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Commentary with Robert Culp, Elliott Gould, Dyan Cannon and director Paul Mazursky
"Tales of Bob & Carol & Ted & Alice" featurette: filmed at the Lee Strasberg theatre and film institute, Hollywood
California Suite Playwright Neil Simon turned to the hotel setting he used so successfully in his stage-play (later a movie) Plaza Suite to explore four more human dramas in his play California Suite, which was adapted into this quite successful movie. In the first episode, the divorced couple of Bill and Hannah Warren (Alan Alda and Jane Fonda) have rented a suite in a posh Beverly Hills hotel in order to have a discussion about who will get the custody of their child. In the next episode, Sidney Cochran and Diana Barrie (Michael Caine and Maggie Smith) are a hilarious pair of Hollywood stars who have rented the suite to await their appearance at the Academy Awards: it is a "date of convenience" which enables the sexually adventurous duo to conduct their other, more unconventional alliances out of the public eye. Drs. Willis Panama and Chauncy Gump (Bill Cosby and Richard Pryor) have brought their families to Beverly Hills for a vacation which takes on nightmarish tone. Finally, Marvin Michaels (Walter Matthau) tries frantically and unsuccessfully to explain the situation to his wife (Elaine May) when she catches him in flagrante delicto with a hooker. Actress Maggie Smith won an Academy Award as "Best Supporting Actress" for her role in this film, in which she plays the actress waiting to win . . . an Academy Award. ~ Clarke Fountain, Rovi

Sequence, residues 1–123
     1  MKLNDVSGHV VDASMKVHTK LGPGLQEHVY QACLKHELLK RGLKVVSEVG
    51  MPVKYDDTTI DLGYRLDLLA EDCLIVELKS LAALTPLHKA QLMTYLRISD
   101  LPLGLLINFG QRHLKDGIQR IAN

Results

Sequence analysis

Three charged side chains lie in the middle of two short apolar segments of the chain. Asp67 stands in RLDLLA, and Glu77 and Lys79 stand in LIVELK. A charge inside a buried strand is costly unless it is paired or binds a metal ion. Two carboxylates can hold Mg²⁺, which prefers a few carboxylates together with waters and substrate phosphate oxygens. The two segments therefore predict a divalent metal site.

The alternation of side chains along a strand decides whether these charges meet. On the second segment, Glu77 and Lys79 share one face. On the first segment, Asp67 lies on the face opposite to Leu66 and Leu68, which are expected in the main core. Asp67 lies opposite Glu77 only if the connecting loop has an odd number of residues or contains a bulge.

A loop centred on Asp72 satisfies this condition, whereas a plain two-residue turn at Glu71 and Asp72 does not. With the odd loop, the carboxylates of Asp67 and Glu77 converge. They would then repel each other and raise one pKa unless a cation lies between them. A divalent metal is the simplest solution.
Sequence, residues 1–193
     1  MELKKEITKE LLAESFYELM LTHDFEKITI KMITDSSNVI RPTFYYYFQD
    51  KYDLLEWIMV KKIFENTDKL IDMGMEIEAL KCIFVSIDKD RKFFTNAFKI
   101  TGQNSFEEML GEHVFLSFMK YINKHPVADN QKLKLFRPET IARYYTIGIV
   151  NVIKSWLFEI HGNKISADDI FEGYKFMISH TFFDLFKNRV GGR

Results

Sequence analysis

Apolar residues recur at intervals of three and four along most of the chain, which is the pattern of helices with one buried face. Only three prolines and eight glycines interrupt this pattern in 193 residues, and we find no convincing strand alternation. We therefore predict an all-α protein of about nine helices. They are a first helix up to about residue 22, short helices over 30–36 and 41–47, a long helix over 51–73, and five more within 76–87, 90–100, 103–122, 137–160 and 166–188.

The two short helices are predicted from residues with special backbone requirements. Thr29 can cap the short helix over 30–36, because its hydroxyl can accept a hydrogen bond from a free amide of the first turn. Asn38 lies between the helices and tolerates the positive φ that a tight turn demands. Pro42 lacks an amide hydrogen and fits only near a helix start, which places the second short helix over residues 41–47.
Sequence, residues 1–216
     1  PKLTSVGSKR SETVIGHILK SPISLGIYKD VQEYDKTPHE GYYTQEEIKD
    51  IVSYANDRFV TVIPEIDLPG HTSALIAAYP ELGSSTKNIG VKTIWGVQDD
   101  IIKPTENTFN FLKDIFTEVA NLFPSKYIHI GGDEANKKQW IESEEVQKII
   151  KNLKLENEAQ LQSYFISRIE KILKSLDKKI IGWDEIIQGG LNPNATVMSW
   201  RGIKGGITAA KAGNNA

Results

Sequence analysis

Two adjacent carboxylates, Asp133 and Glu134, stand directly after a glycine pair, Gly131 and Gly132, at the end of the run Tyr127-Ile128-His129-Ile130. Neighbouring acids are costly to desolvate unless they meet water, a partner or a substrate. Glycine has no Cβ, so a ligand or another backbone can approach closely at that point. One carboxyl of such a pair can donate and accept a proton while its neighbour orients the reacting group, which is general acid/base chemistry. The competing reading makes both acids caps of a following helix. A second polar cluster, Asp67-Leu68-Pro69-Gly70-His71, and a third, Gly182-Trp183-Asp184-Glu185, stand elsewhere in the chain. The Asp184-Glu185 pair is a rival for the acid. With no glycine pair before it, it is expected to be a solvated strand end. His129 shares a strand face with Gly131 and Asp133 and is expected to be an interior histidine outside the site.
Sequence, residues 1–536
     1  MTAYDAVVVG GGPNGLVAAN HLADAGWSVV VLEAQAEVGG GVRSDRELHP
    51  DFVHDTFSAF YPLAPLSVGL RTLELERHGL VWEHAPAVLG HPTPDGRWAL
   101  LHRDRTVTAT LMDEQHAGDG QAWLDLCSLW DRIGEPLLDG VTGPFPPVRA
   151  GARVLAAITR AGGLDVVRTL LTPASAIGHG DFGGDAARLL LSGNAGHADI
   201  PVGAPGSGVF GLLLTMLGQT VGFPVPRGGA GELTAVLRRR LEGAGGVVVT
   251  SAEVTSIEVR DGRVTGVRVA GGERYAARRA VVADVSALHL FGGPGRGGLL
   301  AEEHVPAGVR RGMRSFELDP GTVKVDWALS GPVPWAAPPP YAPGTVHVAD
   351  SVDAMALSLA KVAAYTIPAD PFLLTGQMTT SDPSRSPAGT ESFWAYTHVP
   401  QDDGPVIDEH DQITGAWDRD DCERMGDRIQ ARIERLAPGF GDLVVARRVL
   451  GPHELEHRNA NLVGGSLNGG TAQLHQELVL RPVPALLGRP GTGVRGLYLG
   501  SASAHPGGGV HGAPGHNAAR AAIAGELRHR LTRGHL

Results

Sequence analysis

Bob & Carol & Ted & Alice "Consider the possibilities," read the ads for Paul Mazursky's 1969 satirical comedy about what happens when the sexual revolution hits affluent bourgeois life. After a weekend of "beautiful" emotional honesty at an Esalen-type retreat, married wannabe hipsters Bob (Robert Culp) and Carol (Natalie Wood) return to their well-heeled Los Angeles life determined to apply the principles of free love and complete openness to their marriage. To the respective curiosity and repulsion of their married best friends, Ted (Elliott Gould) and Alice (Dyan Cannon), Bob and Carol have affairs that they happily reveal to everyone. Inspired by all that openness during the quartet's trip to Vegas, Ted admits an affair of his own, provoking the outraged Alice to demand that this new ethos be taken to its obvious conclusion: a mate-sharing foursome. Once they're bedded down and ready to go, however, they start to have second thoughts. Without sacrificing authenticity for comedy, first-time director Mazursky and co-writer/producer Larry Tucker delve into the confusion of the Eisenhower generation when faced with the temptations of the counterculture. Too old to be hippies and too young to be fogies, the would-be California swingers sincerely attempt to try on the lifestyle, but it never looks quite right. A then-controversial example of the New Permissiveness both onscreen and off, Bob & Carol debuted at the New York Film Festival to great praise, particularly for Gould and Cannon. Whether they wanted to laugh at their elders' faux looseness or see what their peers might be doing, audiences turned Bob & Carol into a substantial hit, and its observations about marriage and sex remain humorously sharp even if the encounter group jargon is past its vogue. ~ Lucia Bozzola, Rovi